It gets even more complicated when it comes to the networking side of the story. You're forced to set up two passwords - one for administrators, the other for viewers - which is easy enough, but the network side of things is more tricky. Sling Media does provide for automatic router set-up using Universal Plug and Play. Fine, but most routers that support this feature disable it as default. And then there's the fact that SlingBox, for very good reasons, prefers a static IP address. Again fine, but most routers use dynamic IP address allocation by default to make them easier for folk with little or no networking expertise to use.
I ended up setting the networking up manually, giving the box a static IP address my router's DHCP can work with and configuring port forwarding on the router.
It's at this point you find you need the SlingBox's unique ID number that's printed on the underside of the machine. I wish the manual had mentioned this before I'd connected all the cables and tucked the box away...
SlingPlayer isn't the most attractive apps I've used, but it works and at least there's a choice of three skins, and the latest version - for UK users it's 1.3 - has a neat black-look skin missing from the original release. Also added is the ability to listen to the audio stream only, with no pictures, which can be handy if you want to listen to the news while you're strolling round your hotel room and don't need to watch it.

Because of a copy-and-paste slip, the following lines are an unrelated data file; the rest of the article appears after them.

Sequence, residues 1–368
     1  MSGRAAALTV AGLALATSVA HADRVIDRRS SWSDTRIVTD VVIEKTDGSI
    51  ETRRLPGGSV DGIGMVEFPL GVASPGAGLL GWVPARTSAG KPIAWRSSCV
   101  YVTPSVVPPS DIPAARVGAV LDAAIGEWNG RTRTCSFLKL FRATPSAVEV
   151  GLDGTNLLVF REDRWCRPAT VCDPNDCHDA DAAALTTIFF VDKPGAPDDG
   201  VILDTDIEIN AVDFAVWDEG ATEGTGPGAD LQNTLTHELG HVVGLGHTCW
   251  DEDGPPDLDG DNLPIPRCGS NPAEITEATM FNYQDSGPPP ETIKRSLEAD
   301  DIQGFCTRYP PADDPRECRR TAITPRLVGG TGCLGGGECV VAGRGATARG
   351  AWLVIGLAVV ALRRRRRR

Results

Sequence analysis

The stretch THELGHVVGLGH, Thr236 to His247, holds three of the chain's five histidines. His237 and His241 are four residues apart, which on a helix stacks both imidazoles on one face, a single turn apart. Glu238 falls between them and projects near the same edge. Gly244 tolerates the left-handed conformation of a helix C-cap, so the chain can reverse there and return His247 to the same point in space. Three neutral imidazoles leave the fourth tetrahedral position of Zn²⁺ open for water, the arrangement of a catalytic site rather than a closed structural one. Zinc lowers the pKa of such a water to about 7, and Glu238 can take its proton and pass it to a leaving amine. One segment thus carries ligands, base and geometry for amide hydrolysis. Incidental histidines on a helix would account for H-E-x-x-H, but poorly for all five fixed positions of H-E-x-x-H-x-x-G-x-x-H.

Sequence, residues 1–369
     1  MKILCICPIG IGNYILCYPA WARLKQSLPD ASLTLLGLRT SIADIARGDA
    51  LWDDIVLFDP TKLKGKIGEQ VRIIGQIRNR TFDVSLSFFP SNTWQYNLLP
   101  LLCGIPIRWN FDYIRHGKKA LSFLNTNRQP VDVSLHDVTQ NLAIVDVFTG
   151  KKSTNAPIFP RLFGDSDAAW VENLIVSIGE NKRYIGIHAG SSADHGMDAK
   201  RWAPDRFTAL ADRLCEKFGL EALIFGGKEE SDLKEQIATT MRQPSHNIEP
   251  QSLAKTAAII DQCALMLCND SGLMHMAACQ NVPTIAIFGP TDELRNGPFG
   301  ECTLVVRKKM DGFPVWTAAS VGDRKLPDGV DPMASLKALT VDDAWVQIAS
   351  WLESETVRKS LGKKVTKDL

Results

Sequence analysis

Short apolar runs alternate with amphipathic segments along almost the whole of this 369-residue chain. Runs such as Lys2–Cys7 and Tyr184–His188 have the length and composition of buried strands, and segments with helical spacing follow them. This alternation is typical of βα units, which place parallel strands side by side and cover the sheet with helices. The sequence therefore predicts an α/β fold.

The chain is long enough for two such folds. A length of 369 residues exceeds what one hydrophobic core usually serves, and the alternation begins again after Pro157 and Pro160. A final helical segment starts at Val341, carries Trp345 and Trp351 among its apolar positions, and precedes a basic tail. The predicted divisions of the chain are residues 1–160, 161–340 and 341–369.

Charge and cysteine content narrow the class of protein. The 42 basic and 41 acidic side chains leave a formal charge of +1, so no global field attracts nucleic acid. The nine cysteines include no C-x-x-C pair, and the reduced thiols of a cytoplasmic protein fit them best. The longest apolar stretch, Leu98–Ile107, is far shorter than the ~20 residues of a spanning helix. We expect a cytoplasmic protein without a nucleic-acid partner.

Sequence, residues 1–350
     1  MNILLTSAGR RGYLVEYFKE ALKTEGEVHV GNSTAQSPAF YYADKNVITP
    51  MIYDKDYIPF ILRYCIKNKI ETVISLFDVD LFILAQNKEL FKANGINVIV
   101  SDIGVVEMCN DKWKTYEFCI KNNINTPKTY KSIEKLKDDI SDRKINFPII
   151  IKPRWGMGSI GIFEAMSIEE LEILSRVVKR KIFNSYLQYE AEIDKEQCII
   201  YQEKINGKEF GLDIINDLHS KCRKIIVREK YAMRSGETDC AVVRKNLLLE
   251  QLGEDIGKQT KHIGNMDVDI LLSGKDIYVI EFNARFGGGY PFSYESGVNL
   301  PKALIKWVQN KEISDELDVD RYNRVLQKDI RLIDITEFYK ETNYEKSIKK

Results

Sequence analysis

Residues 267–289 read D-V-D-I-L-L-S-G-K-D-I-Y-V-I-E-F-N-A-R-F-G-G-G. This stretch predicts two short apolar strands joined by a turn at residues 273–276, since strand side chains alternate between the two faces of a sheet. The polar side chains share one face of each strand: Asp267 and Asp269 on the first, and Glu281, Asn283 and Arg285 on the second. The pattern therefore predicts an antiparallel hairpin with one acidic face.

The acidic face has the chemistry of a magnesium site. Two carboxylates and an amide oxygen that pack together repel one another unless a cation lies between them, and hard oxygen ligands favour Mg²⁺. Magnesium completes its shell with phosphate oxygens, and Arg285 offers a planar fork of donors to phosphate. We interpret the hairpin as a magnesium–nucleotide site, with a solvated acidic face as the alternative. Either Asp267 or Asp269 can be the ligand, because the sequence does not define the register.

The software provides ten spaces for favourite-channel buttons, which is handy for we Freeview watchers who want to be able to ignore the shopping channels and so on. But while SlingPlayer provides suitable channel ident icons for these buttons, and allows you to set up multiple button bars, you can still only show ten favourites at a time.
The favourites list in my Humax Freeview-equipped PVR extends to more than two dozen channels, so replicating it in SlingPlayer is effectively impossible. Instead, I have to have three button bars, and to remember which bar contains which channels when I want to watch something else. Worse, setting up a favourite requires you to type in its channel number - the software doesn't default to the one you're currently watching. And you can't move buttons once they're in place, so you need to make sure you get the order right from the start.
In the end, I found it quicker to cycle through all the channels, which defeats the object of having favourites.
That aside, using SlingPlayer is a joy, because being able to watch UK TV on my notebook anywhere in my house is a joy. Or in the Reg Hardware office. Or in a Taipei hotel room. SlingPlayer connected through to my SlingBox without apparent difficulty, picked up the stream and displayed it. The software cleverly adjusts the picture quality according to the bandwidth.
There are limits. Only one person can view the SlingBox's output at any one time, so you may need multiple boxes if you want to feed TV to multiple users simultaneously. In the US, SlingPlayer is also available for Windows Mobile handhelds, but there's no UK-savvy version yet. Both territories have yet to see the anticipated Mac OS X version of the software.